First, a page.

The solar panel input the the MPPT charge controller is usually Vbatt-charging+2volts minimum input voltage...

So, for a 12 volt battery which is charged around 14.5 volts would mean that the Vmp-minimum of your solar array should be around 16.5 volts minimum.

There are other issues... Equalizing a flooded cell storage batteries is around 15.0-15.5 volts, and Vmp falls as the panels get hot... In summer, it is not unusual for a Vmp-hot to be 0.80xVmp-stc... So, having a Vmp>~17.0 volts is not a bad idea.

For MPPT controllers, they can efficiently down convert (~95% efficiency) from "high voltage/low current" of the Vmp-array to "low voltage/high current" for the battery bank or Vbatt-charging.

Now--there is a wide variety of MPPT charge controllers, some with Vpanel-max of 150 VDC, and others down to the ~30 volt range...

So--In general, for your case, you should try for Vmp as high as practical--given the exact brand/model of charge controller you are thinking of using.

For some controllers, the optimum Vmp may be roughly Vmp-array~2xVbatt-charging... But, for most controllers, it is not a huge efficiency hit/improvement either way.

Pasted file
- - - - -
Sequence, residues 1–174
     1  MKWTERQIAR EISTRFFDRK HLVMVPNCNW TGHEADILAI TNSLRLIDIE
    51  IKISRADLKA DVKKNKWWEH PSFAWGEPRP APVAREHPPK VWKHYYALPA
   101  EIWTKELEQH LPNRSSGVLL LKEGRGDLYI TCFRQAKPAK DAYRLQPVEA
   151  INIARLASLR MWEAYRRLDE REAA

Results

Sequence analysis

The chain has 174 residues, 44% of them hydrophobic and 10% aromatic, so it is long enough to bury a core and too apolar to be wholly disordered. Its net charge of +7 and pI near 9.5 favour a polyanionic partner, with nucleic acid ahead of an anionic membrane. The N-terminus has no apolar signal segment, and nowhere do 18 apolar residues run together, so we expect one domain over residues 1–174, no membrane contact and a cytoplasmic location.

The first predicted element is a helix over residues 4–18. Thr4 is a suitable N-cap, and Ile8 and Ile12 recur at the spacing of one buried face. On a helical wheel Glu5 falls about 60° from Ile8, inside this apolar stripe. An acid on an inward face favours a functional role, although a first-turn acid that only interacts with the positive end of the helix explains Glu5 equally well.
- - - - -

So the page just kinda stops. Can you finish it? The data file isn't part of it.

-Bill
Near San Francisco California: 3.5kWatt Grid Tied Solar power system+small backup genset
• Solar Expert Posts: 125 ✭✭✭✭✭
Re: voltage

This question is about a suntracker diagram.I thought i knew all/most of the symboles for schematics,but i guess not.Could someone tell me what ,it looks like a coil next to the " in4004 drive west" thats a diode, but next to it on the right hand side.could be a relay,but all i see would be 2 contacts.Oh also i just looked, i see that it is feed with 12vdc and i do see the Ground symboles at the bottom, but what are the 9V at the top on the Left hand side mean?? were do they connect?Here is the link of both.